Millennium Challenge Corporation: Results of Transportation Infrastructure Projects in Seven Countries

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A letter report issued by the Government Accountability Office with an abstract that begins "The Millennium Challenge Corporation (MCC)--a U.S. government corporation-- recognizes the importance of a disciplined, transparent, and accountable approach to tracking compact results. However, it reduced the scopes of its early transportation infrastructure projects and reports mixed success in meeting key performance targets. In addition, problems with data quality call into question the reliability of those reported results. GAO found the following for the seven compacts ending in 2010 and 2011, each with a road project or a port project. Road Projects: (1) MCC reduced kilometers to ... continued below

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United States. Government Accountability Office. September 12, 2012.

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Description

A letter report issued by the Government Accountability Office with an abstract that begins "The Millennium Challenge Corporation (MCC)--a U.S. government corporation-- recognizes the importance of a disciplined, transparent, and accountable approach to tracking compact results. However, it reduced the scopes of its early transportation infrastructure projects and reports mixed success in meeting key performance targets. In addition, problems with data quality call into question the reliability of those reported results. GAO found the following for the seven compacts ending in 2010 and 2011, each with a road project or a port project. Road Projects: (1) MCC reduced kilometers to be paved under six compacts--Honduras, Cape Verde, Nicaragua, Vanuatu, Georgia, and Armenia--by a combined 63 percent (from about 1,800 to 600 km) because of increased construction costs and political problems in partner governments. MCC reported meeting reduced targets for five compacts. However, for three compacts, MCC did not consistently account for kilometers completed with funding from third parties. (2) MCC reported meeting revised targets for road roughness--a measure of pavement quality--for five of the compacts. However, reported data have quality issues, including the inconsistent application of measurement methodologies and calculation errors that resulted in overstated results. (3) MCC reported meeting targets for annual average daily traffic--a measure of the volume of traffic using the road--for three of the compacts. However, weaknesses in traffic baseline estimates may have affected the establishment of targets and therefore MCC's ability to measure results. Port Projects: (1) In Cape Verde, MCC funding ($53.7 million) was insufficient to construct all planned port elements. As a result, MCC reduced the project's scope and deferred measuring the results of key indicators. (2) In Benin, MCC completed most of the envisioned scope of the port project. MCC's data show that the compact met the original target for one of three key performance indicators, volume of merchandise. (The other two indicators relate to the measurement of shipping costs.) However, GAO found that MCC's estimation of this indicator's baseline may lead to overstated results. In addition, data quality reviews identified problems with the data used, which MCA-Benin did not formally address. In 2009, MCC improved its methodology for estimating beneficiaries--people who realize income gains or expenditure savings as a result of its investment--by standardizing its approach. MCC subsequently revised its beneficiary numbers for all compacts. However, the new approach did not include a formal quality review process. As a result, implementation of the new approach suffered from varying degrees of quality problems. For example, (1) MCC did not implement its beneficiary estimation methodology consistently across early transportation infrastructure projects; (2) beneficiary calculations contained incorrect formulas and numbers, and differed from supporting documents; and (3) beneficiary figures in MCC's public documents were sometimes inaccurate."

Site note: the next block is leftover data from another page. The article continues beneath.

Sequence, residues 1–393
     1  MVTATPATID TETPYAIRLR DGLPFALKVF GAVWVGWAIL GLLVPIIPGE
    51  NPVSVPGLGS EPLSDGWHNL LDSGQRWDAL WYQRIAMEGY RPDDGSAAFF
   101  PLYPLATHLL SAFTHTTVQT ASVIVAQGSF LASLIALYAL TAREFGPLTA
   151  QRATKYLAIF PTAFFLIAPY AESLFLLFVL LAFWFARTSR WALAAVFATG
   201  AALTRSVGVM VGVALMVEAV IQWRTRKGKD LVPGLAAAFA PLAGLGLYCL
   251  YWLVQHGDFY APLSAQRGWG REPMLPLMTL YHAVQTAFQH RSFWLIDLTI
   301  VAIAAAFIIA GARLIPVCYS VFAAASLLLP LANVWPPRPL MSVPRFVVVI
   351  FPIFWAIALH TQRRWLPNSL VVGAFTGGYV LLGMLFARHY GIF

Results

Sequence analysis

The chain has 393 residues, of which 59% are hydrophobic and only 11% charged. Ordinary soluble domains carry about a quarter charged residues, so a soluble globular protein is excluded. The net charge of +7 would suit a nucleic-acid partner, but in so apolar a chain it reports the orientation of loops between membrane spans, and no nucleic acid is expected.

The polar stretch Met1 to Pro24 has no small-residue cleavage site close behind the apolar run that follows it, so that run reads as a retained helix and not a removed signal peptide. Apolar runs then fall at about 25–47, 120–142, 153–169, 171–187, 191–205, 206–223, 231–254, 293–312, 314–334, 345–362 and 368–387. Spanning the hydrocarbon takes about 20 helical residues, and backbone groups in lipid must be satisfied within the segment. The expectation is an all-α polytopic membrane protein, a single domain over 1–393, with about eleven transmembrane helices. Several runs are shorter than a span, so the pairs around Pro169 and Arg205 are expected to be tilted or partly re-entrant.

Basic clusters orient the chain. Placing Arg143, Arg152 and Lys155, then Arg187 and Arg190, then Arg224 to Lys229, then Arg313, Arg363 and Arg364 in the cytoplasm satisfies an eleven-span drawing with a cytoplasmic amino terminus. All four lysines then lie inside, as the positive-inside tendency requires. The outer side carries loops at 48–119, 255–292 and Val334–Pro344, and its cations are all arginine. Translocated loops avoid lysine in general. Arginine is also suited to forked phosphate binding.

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Government Accountability Office Reports

The U.S. Government Accountability Office (GAO) is an independent, nonpartisan agency that works for the U.S. Congress investigating how the federal government spends taxpayers' money. Its goal is to increase accountability and improve the performance of the federal government. The Government Accountability Office Reports Collection consists of over 13,000 documents on a variety of topics ranging from fiscal issues to international affairs.

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  • September 12, 2012

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  • June 12, 2014, 7:50 p.m.

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United States. Government Accountability Office. Millennium Challenge Corporation: Results of Transportation Infrastructure Projects in Seven Countries, report, September 12, 2012; Washington D.C.. (digital.library.unt.edu/ark:/67531/metadc299829/: accessed November 24, 2017), University of North Texas Libraries, Digital Library, digital.library.unt.edu; crediting UNT Libraries Government Documents Department.